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Cold Climate Played Part In Driving Neanderthals To Extinction

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The impact of climate change contributed to the extinction of Neanderthals, the modern human's close relatives, tens of thousands of years ago.

According to a new study, the cold periods in history coincided with the disappearance of Neanderthal populations in different parts of Europe. 

Climate Change Drove Neanderthals To Extinction

The extinction of Neanderthals 40,000 years ago remains a big mystery. Some experts hypothesize that they were not reproducing fast enough to keep up with the number of modern humans coming out of Africa. Some think that modern humans slaughtered Neanderthals as they started to move to Europe. Other possible causes include plague that spread and killed entire populations or a volcanic eruption that completely wiped out life in Europe.

However, scientists have proposed a new hypothesis: climate change.

According to the study published in Proceedings of the National Academy of Sciences, about 44,000 years ago, the temperature in Europe started to steadily drop causing cold and dry conditions across the continent. Scientists were able to confirm the changes in the climate by looking at stalagmites, which grow a thin layer every year and alter their chemical composition based on the temperature.

They compared the palaeoclimate data to archaeological records of Neanderthal and found that artifacts nearly disappeared around the time Europe experienced extreme cold temperatures some tens of thousands of years ago.

This implies that climate played a major part in the disappearance of Neanderthals. As soon as the temperature dropped, the population started to die off while modern humans continued to thrive.

"The Neanderthals were the human species closest to ours and lived in Eurasia for some 350,000 years," explained study coauthor Vasile Ersek. "However, around 40,000 years ago — during the last Ice Age and shortly after the arrival of anatomically modern humans in Europe— they became extinct."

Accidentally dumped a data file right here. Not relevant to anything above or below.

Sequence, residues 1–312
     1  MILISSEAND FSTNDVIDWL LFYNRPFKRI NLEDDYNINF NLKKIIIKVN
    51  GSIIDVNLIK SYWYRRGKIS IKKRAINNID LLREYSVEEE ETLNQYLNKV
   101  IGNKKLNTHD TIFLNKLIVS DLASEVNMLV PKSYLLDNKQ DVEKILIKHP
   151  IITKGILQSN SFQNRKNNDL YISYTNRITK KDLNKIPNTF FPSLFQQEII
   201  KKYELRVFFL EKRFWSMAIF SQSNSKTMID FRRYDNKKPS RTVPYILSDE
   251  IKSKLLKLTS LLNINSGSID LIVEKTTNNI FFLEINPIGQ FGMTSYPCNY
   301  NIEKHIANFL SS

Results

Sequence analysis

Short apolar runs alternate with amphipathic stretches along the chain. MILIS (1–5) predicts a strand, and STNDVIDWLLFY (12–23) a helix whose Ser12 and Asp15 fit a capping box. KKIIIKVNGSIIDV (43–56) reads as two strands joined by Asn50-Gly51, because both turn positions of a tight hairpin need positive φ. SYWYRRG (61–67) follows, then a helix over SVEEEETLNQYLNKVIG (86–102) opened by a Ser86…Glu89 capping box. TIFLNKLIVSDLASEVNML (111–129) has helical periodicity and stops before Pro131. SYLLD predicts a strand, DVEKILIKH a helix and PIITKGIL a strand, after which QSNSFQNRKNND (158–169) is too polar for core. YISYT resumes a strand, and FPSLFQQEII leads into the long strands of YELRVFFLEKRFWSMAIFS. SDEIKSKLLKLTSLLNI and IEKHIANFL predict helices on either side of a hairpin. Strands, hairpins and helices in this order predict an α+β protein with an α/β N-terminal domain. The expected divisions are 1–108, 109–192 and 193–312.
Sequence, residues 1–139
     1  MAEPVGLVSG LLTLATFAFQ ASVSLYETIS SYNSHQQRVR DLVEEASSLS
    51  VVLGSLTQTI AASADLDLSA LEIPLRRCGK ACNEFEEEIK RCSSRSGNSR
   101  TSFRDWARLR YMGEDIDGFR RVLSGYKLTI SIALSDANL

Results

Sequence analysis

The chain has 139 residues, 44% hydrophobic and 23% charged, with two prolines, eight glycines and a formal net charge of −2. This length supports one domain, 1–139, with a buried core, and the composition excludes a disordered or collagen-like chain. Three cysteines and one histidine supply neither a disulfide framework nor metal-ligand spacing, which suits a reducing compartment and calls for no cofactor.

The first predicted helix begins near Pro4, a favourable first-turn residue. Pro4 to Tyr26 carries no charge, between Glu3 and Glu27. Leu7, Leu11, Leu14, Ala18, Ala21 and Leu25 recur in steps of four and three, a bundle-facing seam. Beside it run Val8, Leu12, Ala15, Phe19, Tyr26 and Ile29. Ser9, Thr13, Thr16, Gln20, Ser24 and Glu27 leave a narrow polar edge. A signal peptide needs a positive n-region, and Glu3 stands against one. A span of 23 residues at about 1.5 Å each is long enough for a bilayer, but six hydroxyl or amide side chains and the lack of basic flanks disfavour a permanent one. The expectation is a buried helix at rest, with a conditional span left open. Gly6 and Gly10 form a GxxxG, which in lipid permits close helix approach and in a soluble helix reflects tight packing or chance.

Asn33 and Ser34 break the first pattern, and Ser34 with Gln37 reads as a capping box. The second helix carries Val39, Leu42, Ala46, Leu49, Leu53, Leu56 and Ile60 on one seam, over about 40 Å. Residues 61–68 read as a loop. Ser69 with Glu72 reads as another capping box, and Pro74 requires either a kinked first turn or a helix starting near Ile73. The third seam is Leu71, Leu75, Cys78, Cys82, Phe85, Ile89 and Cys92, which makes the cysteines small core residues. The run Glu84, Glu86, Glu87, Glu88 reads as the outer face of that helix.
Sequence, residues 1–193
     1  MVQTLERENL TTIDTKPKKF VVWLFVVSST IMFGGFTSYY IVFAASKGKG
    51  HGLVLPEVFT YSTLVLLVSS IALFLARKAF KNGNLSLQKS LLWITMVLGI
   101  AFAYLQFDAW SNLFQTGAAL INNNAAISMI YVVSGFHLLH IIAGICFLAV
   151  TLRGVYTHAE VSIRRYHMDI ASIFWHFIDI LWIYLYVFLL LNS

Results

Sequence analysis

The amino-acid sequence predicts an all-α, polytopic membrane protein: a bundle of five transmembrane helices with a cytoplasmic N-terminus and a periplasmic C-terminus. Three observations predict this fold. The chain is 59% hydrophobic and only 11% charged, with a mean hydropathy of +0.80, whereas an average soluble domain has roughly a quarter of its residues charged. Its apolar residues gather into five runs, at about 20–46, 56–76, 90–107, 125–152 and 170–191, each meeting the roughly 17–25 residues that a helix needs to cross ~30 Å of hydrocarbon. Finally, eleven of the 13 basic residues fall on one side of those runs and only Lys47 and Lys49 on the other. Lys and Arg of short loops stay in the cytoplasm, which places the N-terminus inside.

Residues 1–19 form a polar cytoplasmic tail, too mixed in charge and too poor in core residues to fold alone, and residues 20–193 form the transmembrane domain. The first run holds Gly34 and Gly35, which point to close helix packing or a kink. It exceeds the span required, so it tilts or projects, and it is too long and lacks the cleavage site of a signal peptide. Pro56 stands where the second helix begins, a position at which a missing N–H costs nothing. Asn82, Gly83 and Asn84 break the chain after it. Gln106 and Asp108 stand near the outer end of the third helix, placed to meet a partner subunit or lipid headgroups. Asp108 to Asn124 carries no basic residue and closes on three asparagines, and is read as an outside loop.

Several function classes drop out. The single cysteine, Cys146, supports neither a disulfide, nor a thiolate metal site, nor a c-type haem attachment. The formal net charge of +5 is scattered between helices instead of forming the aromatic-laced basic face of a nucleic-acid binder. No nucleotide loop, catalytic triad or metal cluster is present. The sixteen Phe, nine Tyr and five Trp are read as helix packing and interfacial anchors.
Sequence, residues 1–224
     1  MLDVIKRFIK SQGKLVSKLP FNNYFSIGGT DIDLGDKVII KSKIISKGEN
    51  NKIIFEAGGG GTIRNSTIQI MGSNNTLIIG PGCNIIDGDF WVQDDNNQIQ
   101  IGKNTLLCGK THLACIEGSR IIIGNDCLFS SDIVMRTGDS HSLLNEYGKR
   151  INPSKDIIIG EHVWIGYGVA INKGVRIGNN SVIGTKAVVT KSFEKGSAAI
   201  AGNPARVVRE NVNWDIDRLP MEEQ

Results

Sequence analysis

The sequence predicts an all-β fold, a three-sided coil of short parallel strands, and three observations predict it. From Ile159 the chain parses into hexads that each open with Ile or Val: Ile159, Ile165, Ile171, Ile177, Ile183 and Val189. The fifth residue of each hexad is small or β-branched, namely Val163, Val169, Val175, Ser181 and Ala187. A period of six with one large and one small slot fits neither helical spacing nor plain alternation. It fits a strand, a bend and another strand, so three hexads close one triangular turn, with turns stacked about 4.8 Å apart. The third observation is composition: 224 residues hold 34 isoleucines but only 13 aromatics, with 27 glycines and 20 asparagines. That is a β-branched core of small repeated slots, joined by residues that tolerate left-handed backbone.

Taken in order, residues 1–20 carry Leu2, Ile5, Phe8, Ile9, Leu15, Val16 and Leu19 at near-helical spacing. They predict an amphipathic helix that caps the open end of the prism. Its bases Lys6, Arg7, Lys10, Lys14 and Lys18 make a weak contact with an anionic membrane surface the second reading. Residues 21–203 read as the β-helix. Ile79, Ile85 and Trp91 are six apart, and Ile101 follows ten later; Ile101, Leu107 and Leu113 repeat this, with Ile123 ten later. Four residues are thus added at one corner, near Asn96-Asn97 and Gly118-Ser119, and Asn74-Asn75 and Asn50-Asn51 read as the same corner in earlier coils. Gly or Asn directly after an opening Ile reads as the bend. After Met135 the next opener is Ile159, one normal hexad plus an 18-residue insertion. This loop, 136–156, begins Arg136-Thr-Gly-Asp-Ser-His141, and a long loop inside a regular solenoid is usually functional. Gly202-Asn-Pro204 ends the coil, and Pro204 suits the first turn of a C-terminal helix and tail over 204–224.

The reason why the modern humans were able to survive the cold was because they have a more varied diet. They have started to incorporate fishes and plants into their meals, but the Neanderthals continued to only eat the meat from the animals they hunted. Naturally, animals also become scarce when the weather is cold. 

Other Unknown Factors Wiped Out Neanderthals 

However, Israel Hershkovitz, a physical anthropologist from Tel Aviv University, thinks that something else killed off Neanderthals.He explained that the modern human's cousins have survived many cold snaps throughout their existence and it does not make sense that the temperature drop 40,000 years ago annihilated the population. 

Hershkovitz also questioned whether the stalagmites in the Romanian caves accurately represent the climate across all of Europe. 

The researchers argued that modern humans were also affected by the climate change. While Neanderthals went extinct because of the cold, cultures of modern humans also disappeared. However, when the world started to become warmer again, new cultures emerged. 

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